Indigeneity, Language and Authenticity

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Yearly Archives: 2013


There is no such thing as ‘neutral’ research

To argue that a specific study is neutral or objective is to subscribe to an idea of the world where all knowledge is finite and our understanding of knowledge as a concept can be more or less wrong based on how well we manage to find the right lens to use when we analyse the world.

This in itself is preposterous as it not only fails to take into account e.g. the collective and cultural accountabilities at play in Indigenous research, but mainly because no matter how emancipatory a research claims to be – ranging from Marxist to feminist research – it most often finds itself rooted in different levels of privilege, where a white, Western and, feminism aside, patriarchal world view is taken for granted and thus declared to be ‘correct’.

As Indigenous researchers we cannot afford to let ourselves get trapped in a web of rigid research epistomologies which to this day continue to benefit the Western status quo, no matter how liberating and non-oppressive they claim to be. We can and should only talk about ourselves in this sense; we cannot talk with authority about anything but our own culture and our own lived experiences. Knowledge is not easily defined and thus seeking to break it down and authoritatively claim that it can be explained with research methodologies that have effectively kept Indigenous people outside academia for centuries is to do ourselves a great injustice.

Talking about ourselves, thereby challenging the status quo which has researched us without our permission to a point where there arguably should not be anything more to research, is highly political whether we want it to be so or not. It becomes a decolonial protest where we locate ourselves within our communities and first and foremost reclaim our own voices which have been stolen and corrupted by those who have researched us because of our ‘Otherness’ and nothing else.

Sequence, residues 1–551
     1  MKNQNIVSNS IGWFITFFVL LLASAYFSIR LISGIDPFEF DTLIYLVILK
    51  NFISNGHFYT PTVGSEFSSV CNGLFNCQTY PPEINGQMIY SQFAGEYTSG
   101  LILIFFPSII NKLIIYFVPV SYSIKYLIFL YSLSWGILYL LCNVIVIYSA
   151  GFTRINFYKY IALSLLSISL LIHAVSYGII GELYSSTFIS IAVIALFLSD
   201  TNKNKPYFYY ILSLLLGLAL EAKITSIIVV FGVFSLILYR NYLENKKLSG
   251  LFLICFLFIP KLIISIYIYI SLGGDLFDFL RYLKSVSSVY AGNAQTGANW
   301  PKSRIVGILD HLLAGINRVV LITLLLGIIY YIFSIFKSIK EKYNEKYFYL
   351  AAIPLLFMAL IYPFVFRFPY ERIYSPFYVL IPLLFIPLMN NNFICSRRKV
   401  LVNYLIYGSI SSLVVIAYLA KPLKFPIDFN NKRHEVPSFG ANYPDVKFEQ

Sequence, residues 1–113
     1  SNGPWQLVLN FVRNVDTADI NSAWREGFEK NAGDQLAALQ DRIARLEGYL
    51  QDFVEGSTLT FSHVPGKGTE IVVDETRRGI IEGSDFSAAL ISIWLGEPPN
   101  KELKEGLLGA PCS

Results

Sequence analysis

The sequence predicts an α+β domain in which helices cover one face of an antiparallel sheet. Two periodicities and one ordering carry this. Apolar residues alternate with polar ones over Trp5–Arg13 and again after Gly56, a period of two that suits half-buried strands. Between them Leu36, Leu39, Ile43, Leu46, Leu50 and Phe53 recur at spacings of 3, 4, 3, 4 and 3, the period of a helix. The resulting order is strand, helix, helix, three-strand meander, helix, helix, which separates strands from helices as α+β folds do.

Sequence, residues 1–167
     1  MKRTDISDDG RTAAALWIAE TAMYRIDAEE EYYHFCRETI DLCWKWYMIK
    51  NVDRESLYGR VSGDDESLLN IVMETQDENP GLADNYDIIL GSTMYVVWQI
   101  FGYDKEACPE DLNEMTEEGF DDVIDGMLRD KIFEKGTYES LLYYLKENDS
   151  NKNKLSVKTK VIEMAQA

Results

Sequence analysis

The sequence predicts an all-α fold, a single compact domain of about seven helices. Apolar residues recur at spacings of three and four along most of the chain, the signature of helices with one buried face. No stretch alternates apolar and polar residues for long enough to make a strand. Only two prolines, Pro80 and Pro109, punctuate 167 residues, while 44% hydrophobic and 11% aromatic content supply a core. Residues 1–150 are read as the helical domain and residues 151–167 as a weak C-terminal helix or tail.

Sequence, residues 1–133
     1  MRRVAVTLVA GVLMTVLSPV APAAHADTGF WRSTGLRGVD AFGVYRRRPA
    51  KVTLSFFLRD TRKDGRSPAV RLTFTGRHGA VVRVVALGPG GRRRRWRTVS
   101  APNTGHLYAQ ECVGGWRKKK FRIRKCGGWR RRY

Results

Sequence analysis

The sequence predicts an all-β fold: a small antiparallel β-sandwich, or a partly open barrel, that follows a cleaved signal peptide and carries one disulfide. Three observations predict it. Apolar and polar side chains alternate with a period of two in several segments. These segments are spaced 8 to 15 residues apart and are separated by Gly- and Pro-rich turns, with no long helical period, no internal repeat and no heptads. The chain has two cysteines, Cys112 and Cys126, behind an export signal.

As an Indigenous person, locating myself not just physically but spiritually, culturally and generationally is crucial in understanding not only myself but also in making sense of why I do any research at all. As Indigenous people we face a world where we constantly have to justify who we are, both to outsiders and members of our own communities. Our entire being becomes politicised so that even the mere act of coughing in ‘the wrong place’ during a lecture is interpreted as a huge political statement by the status quo. As Indigenous researchers we are not afforded a space where what we do is construed as neutral, so to work with methodologies that seek to discover neutral knowledge should be the last thing on our list of priorities.

Non-indigenous laws that have been used to eradicate us and control us still play huge roles in Indigenous peoples lives and thus it becomes vital to dispute any and all forms of research which claims to have the ultimate answer to any question relating to ourselves.


The Indigene in Academia

I’ve noted two things over the past couple of years; firstly, being Indigenous and working on something that can be construed as stemming from one’s Indigeneity within the academic sphere one is never not political. It doesn’t matter what one does, as soon as one enters a room, be it physically or in a more metaphorical sense, i.e. through a paper, one’s every action is interpreted as being a political form of resistance or conformity against or with the status quo.

Secondly, Western academia is very keen to use Indigenous bodies as figure heads for new, innovative research projects which, when examined further, rather than challenging established research methodologies uses the Indigene as a smoke screen to keep on furthering the cause of the Ivory Tower. In these projects one becomes, to use the words of Linda Tuhiwai Smith, ‘the indigenous researcher’ and not ‘an Indigenous researcher’.